In this way, the CDM could provide an alternative route for addressing the looming challenge of interoperability between different blockchain platforms. At present you often hear industry participants talk about being “blockchain-agnostic” because it’s too risky to bet on just one platform provider.
To illustrate this point, Braine described a future scenario in which banks are trading with each other on different distributed ledgers. If there are some counterparties on one network and other counterparties on other networks, then does that mean you would need to host a node on every network? Or are they going to be genuinely interoperable?
“A simplistic solution would be to revert to the traditional model of silos with messaging between them, but that risks replicating the fragmentation of the past,” said Braine.
“If you instead transition to the CDM, then at least there is opportunity to standardize on data structures, lifecycle events etc.”
And if that isn’t persuasive enough, Barclays estimates significant cost savings to the derivatives market. Its working group projected around 25 percent efficiency gains from adopting CDM just in the clearing space, and around $2.5 billion in annual run costs.
Barclays isn’t alone among financial in advocating for the CDM, of course.
Goldman Sachs is also a supporter, and sees the common data standard, when combined with shared ledgers, as a way to alleviate some of the pressure created by the increased reporting requirements under regulations like the European Union’s MiFID 2.
Ayaz Haji, the technical architect for the MiFID 2 program at Goldman Sachs, said a common representation of product terms and lifecycle events should not only reduce inconsistencies but also provide a platform for further efficiencies.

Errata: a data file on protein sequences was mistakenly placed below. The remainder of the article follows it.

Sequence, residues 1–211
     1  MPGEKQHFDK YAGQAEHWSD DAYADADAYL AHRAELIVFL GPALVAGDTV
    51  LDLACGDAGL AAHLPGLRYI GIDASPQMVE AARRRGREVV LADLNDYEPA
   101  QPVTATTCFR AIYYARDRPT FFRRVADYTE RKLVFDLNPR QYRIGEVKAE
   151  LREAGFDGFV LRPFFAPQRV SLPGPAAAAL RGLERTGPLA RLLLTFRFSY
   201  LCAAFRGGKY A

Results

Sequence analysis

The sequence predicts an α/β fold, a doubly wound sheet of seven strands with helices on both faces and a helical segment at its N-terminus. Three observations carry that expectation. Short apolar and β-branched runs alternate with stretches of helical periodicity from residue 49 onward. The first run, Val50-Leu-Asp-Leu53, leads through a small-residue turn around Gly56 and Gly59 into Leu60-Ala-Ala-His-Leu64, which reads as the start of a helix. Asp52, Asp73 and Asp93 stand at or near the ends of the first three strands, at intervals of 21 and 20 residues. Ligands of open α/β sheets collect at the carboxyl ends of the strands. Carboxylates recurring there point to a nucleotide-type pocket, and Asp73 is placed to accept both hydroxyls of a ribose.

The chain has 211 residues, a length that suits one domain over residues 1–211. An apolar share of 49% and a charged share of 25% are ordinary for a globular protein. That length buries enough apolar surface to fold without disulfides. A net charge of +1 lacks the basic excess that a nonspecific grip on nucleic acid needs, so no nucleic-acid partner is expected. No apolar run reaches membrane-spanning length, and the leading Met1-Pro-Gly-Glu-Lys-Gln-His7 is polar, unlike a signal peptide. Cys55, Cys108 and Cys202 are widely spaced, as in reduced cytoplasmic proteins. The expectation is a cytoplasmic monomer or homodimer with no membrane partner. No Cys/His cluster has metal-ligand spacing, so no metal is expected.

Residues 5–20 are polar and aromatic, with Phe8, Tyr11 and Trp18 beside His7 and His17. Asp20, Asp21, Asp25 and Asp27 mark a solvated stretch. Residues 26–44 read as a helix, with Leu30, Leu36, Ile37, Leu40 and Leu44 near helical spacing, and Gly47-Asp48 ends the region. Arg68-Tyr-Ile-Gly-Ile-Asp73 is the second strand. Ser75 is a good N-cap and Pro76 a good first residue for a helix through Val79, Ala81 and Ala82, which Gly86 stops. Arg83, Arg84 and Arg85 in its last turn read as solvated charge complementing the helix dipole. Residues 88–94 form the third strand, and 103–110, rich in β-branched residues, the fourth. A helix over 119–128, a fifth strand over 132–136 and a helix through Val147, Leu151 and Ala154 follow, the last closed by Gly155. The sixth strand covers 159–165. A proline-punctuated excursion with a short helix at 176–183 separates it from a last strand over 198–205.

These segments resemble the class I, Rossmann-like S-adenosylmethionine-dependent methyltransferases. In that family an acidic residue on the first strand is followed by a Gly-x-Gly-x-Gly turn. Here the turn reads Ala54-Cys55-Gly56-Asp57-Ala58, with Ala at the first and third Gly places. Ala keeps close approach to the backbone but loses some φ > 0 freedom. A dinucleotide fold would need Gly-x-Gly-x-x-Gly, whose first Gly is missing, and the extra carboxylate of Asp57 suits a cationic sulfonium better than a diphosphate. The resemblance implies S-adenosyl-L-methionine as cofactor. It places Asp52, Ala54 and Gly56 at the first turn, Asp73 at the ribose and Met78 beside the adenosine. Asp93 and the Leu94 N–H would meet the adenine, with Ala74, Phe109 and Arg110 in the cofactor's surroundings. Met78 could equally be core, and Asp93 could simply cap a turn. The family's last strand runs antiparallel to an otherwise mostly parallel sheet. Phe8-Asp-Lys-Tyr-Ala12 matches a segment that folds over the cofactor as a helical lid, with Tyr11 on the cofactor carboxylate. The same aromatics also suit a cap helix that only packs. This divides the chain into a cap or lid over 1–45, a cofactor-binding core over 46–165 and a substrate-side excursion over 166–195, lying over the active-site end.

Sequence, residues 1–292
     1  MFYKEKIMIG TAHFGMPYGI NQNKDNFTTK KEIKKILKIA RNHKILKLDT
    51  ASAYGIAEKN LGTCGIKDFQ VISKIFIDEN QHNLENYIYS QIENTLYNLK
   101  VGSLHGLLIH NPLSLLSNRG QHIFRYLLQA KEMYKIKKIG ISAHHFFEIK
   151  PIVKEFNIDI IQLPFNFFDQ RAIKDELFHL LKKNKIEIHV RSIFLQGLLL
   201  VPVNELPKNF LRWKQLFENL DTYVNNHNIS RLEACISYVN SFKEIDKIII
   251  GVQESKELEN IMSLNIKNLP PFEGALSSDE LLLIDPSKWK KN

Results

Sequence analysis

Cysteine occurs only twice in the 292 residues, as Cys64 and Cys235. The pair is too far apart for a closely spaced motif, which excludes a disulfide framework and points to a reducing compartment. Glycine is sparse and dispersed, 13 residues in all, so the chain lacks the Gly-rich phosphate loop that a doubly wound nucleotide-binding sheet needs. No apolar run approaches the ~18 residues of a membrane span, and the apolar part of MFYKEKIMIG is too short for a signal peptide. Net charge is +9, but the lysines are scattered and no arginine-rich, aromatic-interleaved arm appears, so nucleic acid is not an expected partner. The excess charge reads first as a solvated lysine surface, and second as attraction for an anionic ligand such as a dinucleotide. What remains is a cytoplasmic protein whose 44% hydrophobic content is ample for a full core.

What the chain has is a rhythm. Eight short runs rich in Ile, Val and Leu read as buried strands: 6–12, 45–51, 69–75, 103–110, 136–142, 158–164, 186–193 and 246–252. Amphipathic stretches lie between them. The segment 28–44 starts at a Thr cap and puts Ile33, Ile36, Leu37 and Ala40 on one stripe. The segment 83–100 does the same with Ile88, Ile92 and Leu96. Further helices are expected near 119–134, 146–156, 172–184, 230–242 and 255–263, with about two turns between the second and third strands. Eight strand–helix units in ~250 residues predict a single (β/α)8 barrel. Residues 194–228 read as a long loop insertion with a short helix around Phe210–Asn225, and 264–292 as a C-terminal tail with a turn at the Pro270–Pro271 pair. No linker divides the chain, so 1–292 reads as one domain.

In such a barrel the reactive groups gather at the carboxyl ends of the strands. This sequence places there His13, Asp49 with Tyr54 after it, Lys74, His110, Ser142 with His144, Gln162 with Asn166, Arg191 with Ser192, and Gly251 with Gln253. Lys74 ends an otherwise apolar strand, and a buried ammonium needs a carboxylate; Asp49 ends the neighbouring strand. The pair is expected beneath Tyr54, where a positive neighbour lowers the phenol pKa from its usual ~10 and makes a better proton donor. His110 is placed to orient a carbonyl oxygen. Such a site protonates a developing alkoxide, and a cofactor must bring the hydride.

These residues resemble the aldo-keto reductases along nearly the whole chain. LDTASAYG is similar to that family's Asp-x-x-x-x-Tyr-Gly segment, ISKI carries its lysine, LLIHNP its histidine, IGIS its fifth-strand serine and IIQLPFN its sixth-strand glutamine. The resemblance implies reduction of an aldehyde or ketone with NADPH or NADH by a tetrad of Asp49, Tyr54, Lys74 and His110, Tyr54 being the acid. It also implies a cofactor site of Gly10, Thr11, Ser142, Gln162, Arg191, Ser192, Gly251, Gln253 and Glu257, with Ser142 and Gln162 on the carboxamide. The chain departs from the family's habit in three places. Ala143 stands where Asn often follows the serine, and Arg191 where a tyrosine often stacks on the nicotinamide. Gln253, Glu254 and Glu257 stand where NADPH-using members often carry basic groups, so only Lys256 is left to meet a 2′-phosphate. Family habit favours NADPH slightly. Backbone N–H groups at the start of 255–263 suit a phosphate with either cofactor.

The investment bank won’t rule out alternatives to blockchain in adopting the standard, however.
“Those who are closest to the CDM project recognize that a persistent shared implementation such as DLT would be the most optimal way to use the model,” said Haji. “That said we are also open minded about potential implementations and look forward to vendor feedback to the version of the model which is due to be published by ISDA shortly.”
Less equivocal than Goldman, Barclays is making a forceful case for using DLT in conjunction with the common standard.
For example, Braine also pointed out a way that a common data standard could amplify another benefit of blockchain.
A commonly pitched use case for the tech is the streamlining of regulatory reporting – the regulator can operate a node on the blockchain and pull data directly from it. The U.K.’s Financial Conduct Authority has already tried this out, participating in a proof-of-concept for regulatory reporting of mortgage transaction data using R3’s Corda platform.
The problem is that in the current world, banks have their main trading data, and their risk models basically duplicate that and perform a simulation.
“If we were able to use a common domain model, we would be able to use exactly that same data. We wouldn't need to write two versions of what's going on, one just for the risk model,” said Braine.
Ultimately, though, reaching common standards, like implementing blockchains, is a team sport, and the game is still far from won.
Clive Ansell, head of market infrastructure and technology at ISDA, concluded: